SCBWI SUCCESS STORY Pitching during a Pandemic

SCBWI Member Michael Mann tells us how SCBWI, the Agents' Party and Undiscovered Voices helped him bag an agent and a two-book deal.

My first writing success was a poem about potatoes in a competition run by a Yorkshire school catering company. As a ‘reward’, I had to shake hands with a giant potato mascot in front of my school. It would be many years before I dared write again.

Fortunately, when I eventually did, it was under the guidance of some very encouraging tutors at CityLit and City University. I started with short stories, but eventually took the plunge, and went four days a week so I could write ‘the novel’.
The first draft of Ghostcloud was TERRIBLE. It had some lovely description, but when even my mum failed to finish it, I knew I had a problem. Alas, soon after, I began retraining as a teacher AND found out we were expecting a baby. It’s safe to say the novel was abandoned.
Then a miracle happened: my baby began sleeping. She kindly timed it just before my six months of parental leave began, with three hours after lunch and all through the night. Do not ask me how – if I knew, I’d write a book on it. What I did know, however, is it meant I had a chance – perhaps my last – to actually finish my book.
Ghostcloud is magical adventure about a boy who escapes his workhouse with help from a ghost, set in the furnaces and skies of a steampunk London. It proved the perfect escape from a life knee-deep in nappies. I wrote during naps and late into the night (I was used to limited sleep by that point) and joined an invaluable Curtis Brown course online. Though it was hectic, I really felt the writing recharged me, and I enjoyed the time with my daughter more as a result (except the poo-namis, which were never fun).
My first encounter with SCBWI was around then. Desperate for non-baby-based social interaction, I reached out, and Tania Tay, in all her loveliness, won me round. Weeks later I found myself at a British Library SCWBI brunch, with a 9-month old baby, on my birthday. Tania had not overpromised: it was the perfect birthday. She and Candy Gourlay took turns cuddling my baby, like some guest of honour, leaving me to have priceless baby-free conversations about books, writing and publishing with lovely SCBWI members.
It was there I learned about Undiscovered Voices and the Agents’ Party. The former was a few months away, and a longshot, but the entry deadline became my final draft target. (I made it, just…). The Agents’ Party came a few months after, by which time I was sick of my book, convinced it wouldn’t make UV2020, and considering just sending it off to agents. I’m glad I waited. I learned so much and left so encouraged (even by the agent who thought my book was called ‘Ghostcow’), but most of all, I realised that agents could only read your book fresh once. It had to be ready. And I knew mine wasn’t.
I returned to editing, focusing on the sloppy second half of the book. I saw so many issues. In a moment of angst, I even emailed the UV2020 committee asking to submit a revised version. They politely said no, but a few weeks later, they emailed me to say I was a winner! I had recently won a London Writers Award (an amazing programme – the deadline this year is 30th September), and with Undiscovered Voices, I began to wonder if I might actually have a chance.
UV2020 was crucial. It motivated me through the final push of editing and helped hugely with getting agent interest. In the end, I had several offers, and the UV training, mentoring and launch event proved invaluable in helping choose the right one.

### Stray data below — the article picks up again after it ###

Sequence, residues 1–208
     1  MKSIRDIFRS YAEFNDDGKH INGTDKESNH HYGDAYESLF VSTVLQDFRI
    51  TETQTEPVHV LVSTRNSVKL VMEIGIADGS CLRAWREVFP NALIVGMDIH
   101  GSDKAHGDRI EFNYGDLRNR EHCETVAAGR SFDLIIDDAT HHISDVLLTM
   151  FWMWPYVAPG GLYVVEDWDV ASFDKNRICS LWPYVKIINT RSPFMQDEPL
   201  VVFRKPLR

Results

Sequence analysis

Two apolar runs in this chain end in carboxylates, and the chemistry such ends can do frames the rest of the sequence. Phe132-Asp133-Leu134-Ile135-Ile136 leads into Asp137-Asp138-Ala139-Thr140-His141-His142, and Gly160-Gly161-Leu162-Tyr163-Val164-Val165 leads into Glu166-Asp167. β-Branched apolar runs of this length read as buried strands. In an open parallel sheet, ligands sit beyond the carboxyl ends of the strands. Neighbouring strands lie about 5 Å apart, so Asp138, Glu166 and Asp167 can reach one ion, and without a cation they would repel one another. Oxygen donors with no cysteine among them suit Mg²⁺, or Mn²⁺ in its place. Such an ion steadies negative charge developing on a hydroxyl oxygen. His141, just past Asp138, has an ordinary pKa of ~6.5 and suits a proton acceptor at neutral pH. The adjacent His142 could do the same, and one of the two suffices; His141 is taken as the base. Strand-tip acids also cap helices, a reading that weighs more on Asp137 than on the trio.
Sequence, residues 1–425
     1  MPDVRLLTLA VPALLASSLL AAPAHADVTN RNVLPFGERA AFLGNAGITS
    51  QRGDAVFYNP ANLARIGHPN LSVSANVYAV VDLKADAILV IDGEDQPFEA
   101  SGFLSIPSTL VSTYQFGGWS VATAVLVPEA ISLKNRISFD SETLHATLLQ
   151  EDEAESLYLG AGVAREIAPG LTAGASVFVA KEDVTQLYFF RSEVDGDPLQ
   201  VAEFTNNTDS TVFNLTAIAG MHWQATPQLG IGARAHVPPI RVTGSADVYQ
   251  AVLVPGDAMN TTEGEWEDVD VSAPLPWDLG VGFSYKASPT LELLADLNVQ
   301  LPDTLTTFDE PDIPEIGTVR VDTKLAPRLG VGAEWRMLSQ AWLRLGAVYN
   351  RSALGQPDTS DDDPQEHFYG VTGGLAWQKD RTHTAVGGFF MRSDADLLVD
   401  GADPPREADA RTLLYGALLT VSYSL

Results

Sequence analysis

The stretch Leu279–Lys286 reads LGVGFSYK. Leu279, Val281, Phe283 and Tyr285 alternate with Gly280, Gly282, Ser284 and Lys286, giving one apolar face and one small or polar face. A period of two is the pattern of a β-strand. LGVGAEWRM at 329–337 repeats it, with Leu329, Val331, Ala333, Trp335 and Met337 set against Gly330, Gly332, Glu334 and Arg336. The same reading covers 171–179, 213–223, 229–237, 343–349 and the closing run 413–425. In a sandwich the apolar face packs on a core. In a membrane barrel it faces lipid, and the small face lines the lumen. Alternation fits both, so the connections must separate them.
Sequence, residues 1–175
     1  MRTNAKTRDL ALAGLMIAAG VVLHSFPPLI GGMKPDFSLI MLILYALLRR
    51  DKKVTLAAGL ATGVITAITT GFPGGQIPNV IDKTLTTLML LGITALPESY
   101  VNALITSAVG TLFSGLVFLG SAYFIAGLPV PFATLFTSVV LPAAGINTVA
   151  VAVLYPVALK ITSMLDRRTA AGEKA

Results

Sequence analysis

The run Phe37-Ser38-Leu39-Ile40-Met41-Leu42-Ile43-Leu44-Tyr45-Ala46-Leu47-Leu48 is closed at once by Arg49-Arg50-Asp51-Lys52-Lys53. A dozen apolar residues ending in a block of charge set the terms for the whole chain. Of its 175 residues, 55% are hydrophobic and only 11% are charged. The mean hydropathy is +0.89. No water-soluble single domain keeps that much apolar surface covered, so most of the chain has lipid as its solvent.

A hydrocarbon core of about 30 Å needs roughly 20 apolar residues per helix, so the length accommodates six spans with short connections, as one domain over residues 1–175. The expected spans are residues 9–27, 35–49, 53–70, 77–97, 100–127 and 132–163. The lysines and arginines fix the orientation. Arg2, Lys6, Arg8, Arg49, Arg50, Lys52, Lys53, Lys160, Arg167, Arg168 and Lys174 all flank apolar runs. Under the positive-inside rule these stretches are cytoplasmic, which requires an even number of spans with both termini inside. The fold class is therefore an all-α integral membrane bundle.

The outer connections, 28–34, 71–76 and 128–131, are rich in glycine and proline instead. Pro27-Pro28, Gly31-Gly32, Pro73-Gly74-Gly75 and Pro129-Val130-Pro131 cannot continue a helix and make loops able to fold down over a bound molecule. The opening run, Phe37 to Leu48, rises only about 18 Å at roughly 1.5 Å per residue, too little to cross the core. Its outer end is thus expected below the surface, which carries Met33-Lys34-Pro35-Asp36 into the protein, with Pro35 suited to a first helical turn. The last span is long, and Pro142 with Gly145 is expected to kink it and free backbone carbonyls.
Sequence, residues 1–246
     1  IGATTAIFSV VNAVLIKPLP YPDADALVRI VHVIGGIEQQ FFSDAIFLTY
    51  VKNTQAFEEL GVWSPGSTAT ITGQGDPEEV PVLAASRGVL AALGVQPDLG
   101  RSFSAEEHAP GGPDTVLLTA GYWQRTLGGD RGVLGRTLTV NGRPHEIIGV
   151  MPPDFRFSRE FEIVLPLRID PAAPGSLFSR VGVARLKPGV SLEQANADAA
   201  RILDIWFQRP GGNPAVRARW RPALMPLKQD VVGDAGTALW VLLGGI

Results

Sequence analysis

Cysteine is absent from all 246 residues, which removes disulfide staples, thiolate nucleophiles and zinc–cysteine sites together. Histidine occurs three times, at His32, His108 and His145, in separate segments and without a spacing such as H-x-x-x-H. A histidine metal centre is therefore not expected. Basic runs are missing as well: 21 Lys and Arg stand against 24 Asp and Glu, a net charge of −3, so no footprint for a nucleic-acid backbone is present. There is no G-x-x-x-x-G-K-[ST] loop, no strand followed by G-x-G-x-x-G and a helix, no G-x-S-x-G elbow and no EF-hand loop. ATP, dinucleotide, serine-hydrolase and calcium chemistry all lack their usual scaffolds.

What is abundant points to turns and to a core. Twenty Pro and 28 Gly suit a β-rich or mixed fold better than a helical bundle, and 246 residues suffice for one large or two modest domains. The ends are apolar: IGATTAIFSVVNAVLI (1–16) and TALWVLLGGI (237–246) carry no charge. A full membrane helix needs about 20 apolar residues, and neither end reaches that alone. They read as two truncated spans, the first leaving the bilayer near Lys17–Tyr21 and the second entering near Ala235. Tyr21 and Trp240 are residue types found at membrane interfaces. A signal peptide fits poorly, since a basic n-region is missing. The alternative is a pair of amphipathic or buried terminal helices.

At the UV launch party, between canapés, I remember vaguely worrying about this thing called coronavirus. Two weeks later, I was agented (the brilliant Stephanie Thwaites and Izzy Gahan at Curtis Brown), but the world was apparently ending. I’m a primary teacher, and asthmatic, and teaching that week was horribly stressful. When lockdown started, it was a relief, and to escape the madness, I threw myself into Steph’s suggested edits. Before I knew it, we’d submitted.
The lockdown Zoom pitches were surreal. People forgot to unmute, commented on home décor and (of course) got cut off after 40 minutes (even publishers, it seems, use the free version.) Hachette, however, went the extra mile. My (amazing) editor Anne had got the CEO and whole senior team on board. They were so experienced, full of ideas and excited about the book. They’d even changed their Zoom background to a cloudscape to fit my novel.
When they gave their final offer, I couldn’t quite believe it. I’d barely left the house for weeks, and suddenly, invisibly, everything had changed. I ran downstairs and jumped around in the garden with my partner, toddler and a bottle of bubbly.    
Obviously, there’s plenty more work to do. I’ve edits for Ghostcloud, a sequel to write, a Twitter phobia to overcome, and I’ll still be teaching (though thankfully, part-time now), but despite everything going on at the moment, I’m feeling hopeful.


Michael is a teacher by day, dad by night, and mostly writes when he should be sleeping. He owes the idea for his middle grade novel,
Ghostcloud, to his coal-mining grandad and a lifelong love of cloud-spotting. He’s half-Indian and passionate about diversity in children’s literature. Michael was an Undiscovered Voices 2020 finalist, London Writers Awardee, and his debut novel Ghostcloud will publish with Hachette in October 2021. He lives in London with his (very patient) partner Joe and their (less patient) toddler, and can be found playing board games when he’s not busy losing his wallet.

Twitter handle: @mikebmann


A. M. Dassu is a children’s author and deputy editor of Words & Pictures. You can contact her by emailing

1 comment:

  1. Well done. Michael. I can't wait to read the whole book, Sharon x


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